Introduction: In recent years, strategies have been developed to identify specific mutation patterns within next-generation sequencing data. Distinct mutational patterns can be linked to underlying mutagenic processes in human cancer. One approach analyzes single base substitutions in the context of their neighboring bases as trinucleotides. The relative prevalence of all possible 96 altered trinucleotides defines distinctive mutational signatures. The activity of activation-induced cytidine deaminase (AID) initiates a specific mutational process in B cells. AID induces deamination of deoxycytidine into deoxyuridine. Subsequent mechanisms to repair the resulting mismatch lead to different genomic alterations that can be assigned to three mutational signatures: a canonical signature characterized by C>T/G transitions at WRCY motifs, a non-canonical signature defined by A>C transversions at WAN motifs, and a third AID signature characterized by C>T transitions at RCG motifs with preference for methylated CpG (W: A or T; R: purine; Y: pyrimidine, N: any nucleotide). The latter signature has specifically been designated as AID-mediated CpG-methylation-dependent mutagenesis. AID activity has been linked to the pathogenesis of several B-cell lymphomas, including follicular lymphoma (FL), chronic lymphocytic leukemia (CLL), and mantle cell lymphoma (MCL). Therefore, we searched for the contribution of different AID signatures in these B-cell malignancies.
Methods: We analyzed the mutational landscape in whole exome (WES) and whole genome (WGS) sequencing data from 41 FL, 30 CLL, 2 MBL, and 43 MCL cases. Somatic variants were called by comparison of tumor and germline DNA with an in-house developed pipeline. Mutational signatures were defined according to the 96-base substitution model (Alexandrov et al. 2013) by an unsupervised machine learning with implementation of the SomaticSignatures R package (Gehring et al. 2015). In addition, MutationalPattern R package (Blokzijl et al. 2018) was executed for comparison to mutational signatures defined in COSMIC.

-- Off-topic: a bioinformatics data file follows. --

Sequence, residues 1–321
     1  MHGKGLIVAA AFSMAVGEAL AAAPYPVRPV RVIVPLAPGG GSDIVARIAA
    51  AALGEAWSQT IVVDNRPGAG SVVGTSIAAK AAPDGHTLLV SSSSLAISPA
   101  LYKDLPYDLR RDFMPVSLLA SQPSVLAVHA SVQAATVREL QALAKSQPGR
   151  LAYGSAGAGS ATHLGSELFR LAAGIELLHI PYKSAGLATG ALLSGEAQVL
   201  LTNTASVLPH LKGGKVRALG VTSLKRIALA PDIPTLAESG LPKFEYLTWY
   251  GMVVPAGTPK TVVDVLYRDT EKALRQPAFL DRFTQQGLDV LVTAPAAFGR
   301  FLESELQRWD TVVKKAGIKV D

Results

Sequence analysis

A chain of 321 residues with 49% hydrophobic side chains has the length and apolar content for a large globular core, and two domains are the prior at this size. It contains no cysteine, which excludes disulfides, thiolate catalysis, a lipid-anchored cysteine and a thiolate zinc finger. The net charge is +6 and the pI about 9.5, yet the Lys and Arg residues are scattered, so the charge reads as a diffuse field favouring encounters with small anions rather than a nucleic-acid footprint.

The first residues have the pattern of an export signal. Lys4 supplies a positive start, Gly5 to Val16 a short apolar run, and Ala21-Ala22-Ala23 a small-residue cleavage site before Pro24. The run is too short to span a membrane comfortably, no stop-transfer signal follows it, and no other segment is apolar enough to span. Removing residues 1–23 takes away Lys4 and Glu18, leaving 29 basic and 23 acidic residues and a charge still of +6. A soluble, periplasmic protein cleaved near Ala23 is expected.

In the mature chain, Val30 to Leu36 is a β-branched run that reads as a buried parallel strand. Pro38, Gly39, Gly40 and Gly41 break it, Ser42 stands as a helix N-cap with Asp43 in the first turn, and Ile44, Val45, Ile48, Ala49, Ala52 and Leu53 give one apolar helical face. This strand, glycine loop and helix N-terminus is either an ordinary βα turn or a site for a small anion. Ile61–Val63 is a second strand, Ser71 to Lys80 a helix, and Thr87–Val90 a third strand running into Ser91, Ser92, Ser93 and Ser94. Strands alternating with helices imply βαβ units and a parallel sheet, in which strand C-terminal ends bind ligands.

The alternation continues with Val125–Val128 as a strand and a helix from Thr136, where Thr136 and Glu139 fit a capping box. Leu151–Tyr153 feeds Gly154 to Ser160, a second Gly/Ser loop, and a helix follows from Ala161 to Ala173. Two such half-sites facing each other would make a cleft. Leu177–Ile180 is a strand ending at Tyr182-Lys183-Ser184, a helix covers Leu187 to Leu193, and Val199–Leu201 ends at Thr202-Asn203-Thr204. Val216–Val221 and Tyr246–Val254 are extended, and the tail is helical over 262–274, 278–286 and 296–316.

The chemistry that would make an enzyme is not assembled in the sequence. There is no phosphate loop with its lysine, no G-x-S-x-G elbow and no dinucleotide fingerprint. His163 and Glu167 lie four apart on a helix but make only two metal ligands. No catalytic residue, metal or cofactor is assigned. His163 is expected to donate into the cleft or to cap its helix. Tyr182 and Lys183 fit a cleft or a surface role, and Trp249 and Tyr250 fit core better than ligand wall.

Results: In unsupervised analyses of FL, CLL/MBL, and MCL cases, 77% of the mutation spectrum variance was attributable to four signatures (S1-4). In FL, the mutational landscape was dominated by S4 characterized by mutations in both canonical and non-canonical AID motifs (40%, 95% CI: 35-76%). The second most frequent signature (S2; 27%, 21-49%) was characterized by C>A transitions in the context of the non-canonical AID and the CpG hotspot motifs (RCG). The mutational landscape of CLL and MBL was strongly dominated by signature S3 (50%, 45-95%). S3 contains mutations in RCG motifs as well as mutations in non-canonical AID motifs (NTW), but with a lower contribution that in S4. In contrast, the mutational landscape of MCL was dominated by S1 (31%, 24-55%) characterized by C>T transitions in the RCG motif in addition to a striking prevalence of the TCT>TTT transition that is known to be associated with the activity of APOBEC enzymes. In comparison to the mutational signatures in COSMIC, the lymphomas analyzed here carry a strong similarity to the COSMIC signatures 1, 5, and 25. These signatures are observed across a wide spectrum of cancer types and are either of unknown etiology (S5 and S25) or associated with age (S1).
Conclusions: The most common point mutations in CLL/MBL and FL are C>T transitions and indicate a strong influence of AID on their mutational landscape. In the indolent B-cell malignancies, all three known AID-related signatures, i.e. canonical, non-canonical, and CpG-methylation-dependent can be found. In contrast, the genomic landscape of MCL is dominated by variants in CpG-methylation-dependent mutagenesis sites and by an APOBEC-related motif. In addition to AID-related signatures, we also found consensus signatures described in COSMIC such as the age-related spontaneous deamination signature 1. Our work independently confirms the role of AID in B-cell lymphoma pathogenesis but points to disease-specific mechanisms that modulate AID in the respective lymphoma cell of origin. In addition, our data suggest that distinctive repair mechanisms operate in different entities.
No relevant conflicts of interest to declare.
Asterisk with author names denotes non-ASH members.